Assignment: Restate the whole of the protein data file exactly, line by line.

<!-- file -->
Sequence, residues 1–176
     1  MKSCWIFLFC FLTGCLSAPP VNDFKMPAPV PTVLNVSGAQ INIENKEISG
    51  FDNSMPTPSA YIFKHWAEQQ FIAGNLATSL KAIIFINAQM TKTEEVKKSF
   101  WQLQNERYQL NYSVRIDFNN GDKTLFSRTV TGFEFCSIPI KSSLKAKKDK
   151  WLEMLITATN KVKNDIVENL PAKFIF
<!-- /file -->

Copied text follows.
Sequence, residues 1–176
     1  MKSCWIFLFC FLTGCLSAPP VNDFKMPAPV PTVLNVSGAQ INIENKEISG
    51  FDNSMPTPSA YIFKHWAEQQ FIAGNLATSL KAIIFINAQM TKTEEVKKSF
   101  WQLQNERYQL NYSVRIDFNN GDKTLFSRTV TGFEFCSIPI KSSLKAKKDK
   151  WLEMLITATN KVKNDIVENL PAKFIF